5.What drum performance on an album is perfection to you? Phil Collin’s drum fill-in on the toms in “In the Air Tonight” is one of my favorites. 


6.Tell us about your current kit and set up in DETAIL.  Currently, I have a 5-piece Yamaha Stage Custom kit in flat black.  I use Zildjian and Sabian cymbals, 3 crashes, 1 ride,  and a hi-hat.  I also play on a pork pie squealer for my snare. For my top heads, I use Aquarian heads and on the bottom heads, I use Remo.


7.If you could have a dream kit tell us about it in DETAIL  I would love to have Danny Carey’s drum set and that is all there is to it. LOL


8.Name your top 5 drummers excluding Neil Peart and Mike Portnoy.  John Bonham, Brad Wilkes, Lars Ulrich, Keith Moon, and Danny Carey.


9. Do you prefer Live or Studio?  I prefer live. 



10.Do drummers really get all the chicks and if so how do we convince the guitarist?  No, it’s just a myth. But if I’m wrong and you’re right, let me know how it’s done. LOL

BATTERY DRUM INTERVIEW Thibaud / Swarmageddon

 


1. What is your name and what band do you play for ?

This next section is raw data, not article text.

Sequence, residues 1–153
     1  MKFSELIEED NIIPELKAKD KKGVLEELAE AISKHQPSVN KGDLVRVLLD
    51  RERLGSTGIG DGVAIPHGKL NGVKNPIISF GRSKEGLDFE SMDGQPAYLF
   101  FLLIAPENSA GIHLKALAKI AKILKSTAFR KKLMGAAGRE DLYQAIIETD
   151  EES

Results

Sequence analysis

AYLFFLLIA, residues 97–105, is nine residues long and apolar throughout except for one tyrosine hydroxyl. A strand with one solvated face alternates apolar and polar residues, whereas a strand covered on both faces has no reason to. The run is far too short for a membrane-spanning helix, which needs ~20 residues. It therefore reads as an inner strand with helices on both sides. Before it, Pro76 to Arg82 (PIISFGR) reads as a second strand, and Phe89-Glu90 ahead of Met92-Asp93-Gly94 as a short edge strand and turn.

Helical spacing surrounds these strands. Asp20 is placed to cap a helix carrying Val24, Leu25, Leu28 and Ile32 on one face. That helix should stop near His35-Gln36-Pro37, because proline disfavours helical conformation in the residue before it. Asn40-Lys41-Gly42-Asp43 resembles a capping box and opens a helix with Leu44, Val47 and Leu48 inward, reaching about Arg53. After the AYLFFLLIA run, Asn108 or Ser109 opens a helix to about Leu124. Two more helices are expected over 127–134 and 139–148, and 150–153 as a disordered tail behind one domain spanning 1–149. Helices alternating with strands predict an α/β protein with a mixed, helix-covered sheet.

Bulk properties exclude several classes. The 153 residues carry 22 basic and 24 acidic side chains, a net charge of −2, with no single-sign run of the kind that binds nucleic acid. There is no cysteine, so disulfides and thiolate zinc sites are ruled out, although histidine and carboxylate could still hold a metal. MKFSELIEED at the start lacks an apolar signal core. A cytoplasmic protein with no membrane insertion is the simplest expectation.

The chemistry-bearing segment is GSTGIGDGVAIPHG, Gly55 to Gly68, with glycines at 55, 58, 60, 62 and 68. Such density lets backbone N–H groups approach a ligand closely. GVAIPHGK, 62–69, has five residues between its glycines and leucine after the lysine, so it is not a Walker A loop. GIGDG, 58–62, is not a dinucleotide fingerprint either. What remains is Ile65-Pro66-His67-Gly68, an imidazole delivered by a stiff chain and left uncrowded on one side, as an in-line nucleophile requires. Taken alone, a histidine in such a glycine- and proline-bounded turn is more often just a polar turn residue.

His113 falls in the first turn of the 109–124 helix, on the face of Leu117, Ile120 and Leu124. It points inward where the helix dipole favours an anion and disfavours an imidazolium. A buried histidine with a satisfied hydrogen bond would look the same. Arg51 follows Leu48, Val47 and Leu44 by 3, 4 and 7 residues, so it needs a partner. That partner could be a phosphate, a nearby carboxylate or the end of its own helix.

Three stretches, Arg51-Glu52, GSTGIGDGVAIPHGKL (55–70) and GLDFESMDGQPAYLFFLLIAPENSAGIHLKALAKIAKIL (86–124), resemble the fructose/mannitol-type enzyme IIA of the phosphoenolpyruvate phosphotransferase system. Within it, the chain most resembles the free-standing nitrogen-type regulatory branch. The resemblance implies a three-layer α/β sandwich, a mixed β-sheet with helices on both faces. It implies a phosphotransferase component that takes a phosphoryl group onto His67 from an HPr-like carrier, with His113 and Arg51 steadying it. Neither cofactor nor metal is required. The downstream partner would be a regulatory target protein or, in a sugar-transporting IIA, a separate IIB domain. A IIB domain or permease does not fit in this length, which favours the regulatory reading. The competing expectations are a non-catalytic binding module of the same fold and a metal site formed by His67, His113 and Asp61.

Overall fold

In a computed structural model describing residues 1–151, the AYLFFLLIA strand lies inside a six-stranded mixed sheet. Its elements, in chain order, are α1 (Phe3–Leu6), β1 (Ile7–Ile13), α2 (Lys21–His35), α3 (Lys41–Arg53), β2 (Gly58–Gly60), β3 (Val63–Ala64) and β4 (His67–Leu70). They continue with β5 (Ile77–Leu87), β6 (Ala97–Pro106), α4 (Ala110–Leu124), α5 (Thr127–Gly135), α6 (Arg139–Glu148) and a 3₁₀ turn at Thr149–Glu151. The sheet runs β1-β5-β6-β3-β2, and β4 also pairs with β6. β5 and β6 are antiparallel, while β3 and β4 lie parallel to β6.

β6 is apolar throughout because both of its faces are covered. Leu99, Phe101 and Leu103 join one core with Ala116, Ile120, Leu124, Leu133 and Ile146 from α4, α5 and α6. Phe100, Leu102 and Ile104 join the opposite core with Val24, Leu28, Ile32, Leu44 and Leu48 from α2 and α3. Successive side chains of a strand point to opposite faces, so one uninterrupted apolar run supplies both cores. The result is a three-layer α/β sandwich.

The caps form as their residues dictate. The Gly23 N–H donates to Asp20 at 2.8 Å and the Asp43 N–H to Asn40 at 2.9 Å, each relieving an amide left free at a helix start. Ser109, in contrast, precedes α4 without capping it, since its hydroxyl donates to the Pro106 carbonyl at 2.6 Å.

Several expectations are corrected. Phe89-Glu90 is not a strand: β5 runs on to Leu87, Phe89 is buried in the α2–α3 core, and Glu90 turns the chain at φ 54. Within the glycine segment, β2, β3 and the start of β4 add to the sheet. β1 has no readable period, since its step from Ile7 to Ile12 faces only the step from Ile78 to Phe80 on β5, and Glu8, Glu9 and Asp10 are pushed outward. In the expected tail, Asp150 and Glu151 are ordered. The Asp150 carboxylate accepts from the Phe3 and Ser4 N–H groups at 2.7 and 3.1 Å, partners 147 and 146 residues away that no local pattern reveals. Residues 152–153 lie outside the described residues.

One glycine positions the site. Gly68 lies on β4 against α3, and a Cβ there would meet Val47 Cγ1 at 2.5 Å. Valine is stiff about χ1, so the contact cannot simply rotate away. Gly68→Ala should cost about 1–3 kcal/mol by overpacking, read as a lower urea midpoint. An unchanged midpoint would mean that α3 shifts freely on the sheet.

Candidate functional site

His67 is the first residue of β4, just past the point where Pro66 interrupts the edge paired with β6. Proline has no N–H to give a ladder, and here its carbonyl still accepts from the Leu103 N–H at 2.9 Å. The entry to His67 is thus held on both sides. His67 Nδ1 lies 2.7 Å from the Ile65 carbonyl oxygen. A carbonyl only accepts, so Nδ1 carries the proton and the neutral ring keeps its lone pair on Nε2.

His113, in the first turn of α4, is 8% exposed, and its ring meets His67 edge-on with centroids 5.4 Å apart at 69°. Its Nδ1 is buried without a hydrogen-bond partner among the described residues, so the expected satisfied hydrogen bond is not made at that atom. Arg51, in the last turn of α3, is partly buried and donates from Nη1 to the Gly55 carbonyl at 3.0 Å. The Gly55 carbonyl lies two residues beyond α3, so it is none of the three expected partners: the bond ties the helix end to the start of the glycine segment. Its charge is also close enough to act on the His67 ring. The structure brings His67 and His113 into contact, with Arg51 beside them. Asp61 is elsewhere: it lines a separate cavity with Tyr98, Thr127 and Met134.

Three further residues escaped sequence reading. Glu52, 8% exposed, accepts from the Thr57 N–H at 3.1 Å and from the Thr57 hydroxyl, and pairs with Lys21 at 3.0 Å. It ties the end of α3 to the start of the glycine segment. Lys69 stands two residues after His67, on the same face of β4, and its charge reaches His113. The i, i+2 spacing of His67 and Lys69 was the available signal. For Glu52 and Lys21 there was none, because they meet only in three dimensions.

Hi. My name is Thibaud and I play drums for Swarmageddon (Besançon, France).

 

2. Who made you want to play drums and why ?

I entered the world of music playing very young, as a saxophonist. I started drums in parallel, in a music school, when I was in college, mainly because of three things : the metal music I was listening to (and my fascination for this instrument I could hear), the opportunity of beeing in a band (punk one at the time), and because I always wanted to play this instrument (didn’t have the space for at first, and chose saxophon... what I absolutely don’t regret). But if I’ve to answer to the question « who », I can just say : my dad.